Though it’d take Gävle, Sweden based epic doom metal band Forlorn nearly fifteen years and seven demos to land a full-length deal with a record label (I Hate Records) the wait was primarily due to personnel shifts and group dynamics rather than the quality of their music. ‘Waves of Sorrow’ (1994) and ‘Autumn Leaves’ (2001) were undoubtedly the strongest demos from that era and they’ve sustained as the general blueprint for their sound as Isole post-2004. Though the epic viking spirituals of Quorthon would serve as primal inspiration it was clear that the Candlemass influenced sect of epic doom was where that project had naturally developed.– At this point the two founding members, Daniel Bryntse (guitar, vocals) and Crister Olsson (guitars), had already concieved a viking metal focused project (Ereb Altor) around this time and Isole was then more free to roam melodic, vocally driven pastures. The general consensus among doom metal fandom is that ‘Throne of Void’ (2006) was where Isole first struck gold and from that point they would begin to focus on softer atmosphere that’d eventually trail off towards somewhat generic progressive/doom metal. The Napalm Records years of the band were effective, polished and had probably strayed too far from the sorrow-filled epic doom of their past for many hard-headed fans, myself included. Call me a blind idiotic purist but, I’d had difficulty looking beyond ‘Throne of Void’ in their discography up until the release of ‘Dystopia’, Isole‘s seventh full-length and a step towards darker more direct subject matter alongside an appropriately dour sound.
There is great respect due to any band that reconsiders their approach as personal and personnel relationships change in the course of their history and it’d seem Isole is highly sensitive to not only their chemistry as performers but surely considers the strengths of each member when composing. In this sense the exit of bassist and ‘harsh’ vocalist Henrik Lindenmo (Hellsingland, Jotun, Morannon) saw things come a bit unleashed for Isole on ‘The Silent Hunter’ (2014), perhaps their most ‘different’ release to date and surely their most accessible. In the five years since it’d seem they’d gone back to their roots, recharged the old batteries, and looked upon the dying, desperate world around them in resignation. If the title ‘Dystopia’ hadn’t clued you in, it is a dark and wrenching bout of disillusionment, depression, and cathartic yearning for our old, habitable Earth. The line-up since 2014 appears mended and consistent, practiced and well, the songwriting duo of Bryntse and Olsson hasn’t been idle with four full-lengths from Ereb Altor since, including one this next month.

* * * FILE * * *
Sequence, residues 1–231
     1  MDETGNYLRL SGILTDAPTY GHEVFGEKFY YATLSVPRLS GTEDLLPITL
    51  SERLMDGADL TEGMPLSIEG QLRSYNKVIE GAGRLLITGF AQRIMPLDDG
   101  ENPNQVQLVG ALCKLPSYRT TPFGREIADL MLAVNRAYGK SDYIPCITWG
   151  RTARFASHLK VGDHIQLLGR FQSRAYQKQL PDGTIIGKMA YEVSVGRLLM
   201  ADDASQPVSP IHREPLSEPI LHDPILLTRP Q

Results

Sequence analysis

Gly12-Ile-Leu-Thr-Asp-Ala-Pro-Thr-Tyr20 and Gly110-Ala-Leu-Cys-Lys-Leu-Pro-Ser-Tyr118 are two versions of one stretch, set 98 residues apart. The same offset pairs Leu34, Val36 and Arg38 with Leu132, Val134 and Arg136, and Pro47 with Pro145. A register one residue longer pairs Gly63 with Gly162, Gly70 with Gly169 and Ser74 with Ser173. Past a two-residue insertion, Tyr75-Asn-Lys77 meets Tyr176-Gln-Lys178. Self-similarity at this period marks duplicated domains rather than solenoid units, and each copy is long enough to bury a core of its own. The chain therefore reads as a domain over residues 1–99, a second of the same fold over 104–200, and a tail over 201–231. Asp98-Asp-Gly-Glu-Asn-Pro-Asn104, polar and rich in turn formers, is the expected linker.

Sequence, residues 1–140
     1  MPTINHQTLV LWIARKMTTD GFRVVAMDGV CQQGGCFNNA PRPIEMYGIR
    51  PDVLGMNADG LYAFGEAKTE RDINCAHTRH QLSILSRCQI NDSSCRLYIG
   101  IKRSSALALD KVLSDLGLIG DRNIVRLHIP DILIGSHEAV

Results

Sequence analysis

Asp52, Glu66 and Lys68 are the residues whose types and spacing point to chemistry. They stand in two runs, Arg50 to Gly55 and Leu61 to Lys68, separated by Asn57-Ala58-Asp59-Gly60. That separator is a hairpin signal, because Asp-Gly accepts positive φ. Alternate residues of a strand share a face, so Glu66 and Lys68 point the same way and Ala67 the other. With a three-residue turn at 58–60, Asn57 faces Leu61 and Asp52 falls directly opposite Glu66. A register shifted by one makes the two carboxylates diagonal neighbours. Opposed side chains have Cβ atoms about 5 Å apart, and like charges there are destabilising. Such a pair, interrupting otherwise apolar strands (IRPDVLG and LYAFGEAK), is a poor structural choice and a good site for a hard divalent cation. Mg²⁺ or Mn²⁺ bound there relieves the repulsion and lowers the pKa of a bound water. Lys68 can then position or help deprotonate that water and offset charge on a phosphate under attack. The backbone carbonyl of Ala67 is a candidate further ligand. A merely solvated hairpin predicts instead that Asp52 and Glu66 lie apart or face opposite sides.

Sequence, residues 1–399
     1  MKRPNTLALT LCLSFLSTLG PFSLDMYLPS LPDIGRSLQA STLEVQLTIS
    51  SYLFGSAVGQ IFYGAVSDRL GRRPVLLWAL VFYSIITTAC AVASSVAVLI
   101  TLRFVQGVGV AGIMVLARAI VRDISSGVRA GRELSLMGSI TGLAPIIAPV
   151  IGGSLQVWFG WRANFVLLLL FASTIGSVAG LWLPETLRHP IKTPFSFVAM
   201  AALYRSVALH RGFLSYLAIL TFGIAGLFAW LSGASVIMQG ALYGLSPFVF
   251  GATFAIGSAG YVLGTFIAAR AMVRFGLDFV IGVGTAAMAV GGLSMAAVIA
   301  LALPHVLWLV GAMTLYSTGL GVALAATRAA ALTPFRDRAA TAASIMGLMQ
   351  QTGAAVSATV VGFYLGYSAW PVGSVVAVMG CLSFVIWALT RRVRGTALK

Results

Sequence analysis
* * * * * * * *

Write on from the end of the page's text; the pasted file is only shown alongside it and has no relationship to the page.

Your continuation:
So, why are they back and what’re they doing so different? There is the sense going into ‘Dystopia’ that Isole have something to say and are driven to express this side of themselves regardless. Plus, Bryntse‘s vocals have hit a truly beautiful stride between sensitivity and pure heavy metal soaring that manages an earnest appeal this time around. The melodies aren’t too forced or readily apparent from song to song, certainly more relaxed in spirit than a record like ‘Nightfall’, but when the bigger hooks do come they are enormous in their impact; The build-up to the chorus of “You Went Away”, the Peaceville three-esque embroilment of opener “Beyond the Horizon”, and one of several sure crowns of the full listen: “Galenskapens Land” each provide emotional coloring for the warmly atmospheric austerity of ‘Dystopia’. Emotional resignation pours heated out of Isole like a pub door flung open in the middle of winter and perhaps for the first time since ‘Throne of Void’ these Swedes hit upon a unanimously profound experience. Consider this effort as remarkable a shift as if Solstice had dialed their sound back to the early Simon Matravers days and achieved a certain ‘modern’ heaviness all the same.
The early ‘sell’ on my end was the vocal performance on “Written in the Sand”, a melodious song that sunk in deeper with each listen and saw long bouts on repeat. I doubt present day Candlemass could have done it better themselves in this case, not now at least and surely with a more fantastical bent back in the day. Compounding the stature of ‘Dystopia’ is “Forged by Fear”, a more crisp lyrical illustration of theme and a darkest turn among the socio-political examinations of the endtyme that that define this record; Harsh vocals are fittingly employed within an early Warning-esque progression that moves in and out of faster pace. This is the most clear link to the previous album but Isole focus more on the statement they’re conveying than what flourish or compositional flair they’d brought on the last few releases. Though it sunk in quick and the value was evident by virtue of knowing the past discography of the band ‘Dystopia’ should be considered notable as a standout in the seven album run Isole have enjoyed since 1990. It drags here and there, a couple of the songs are an inch too similar, but the transgressions within are minimal and inconsequential in terms of impacting the full listen. Very high recommendation, particularly if you are attuned to epic doom metal. For preview purposes I’d suggest starting with “You Went Away” for its easily clung-to chorus, my personal favorite track “Written in Sand”, and then the impressive performances within “Glenskapens Land”.
A cold desert full of storms. 4.25/5.0
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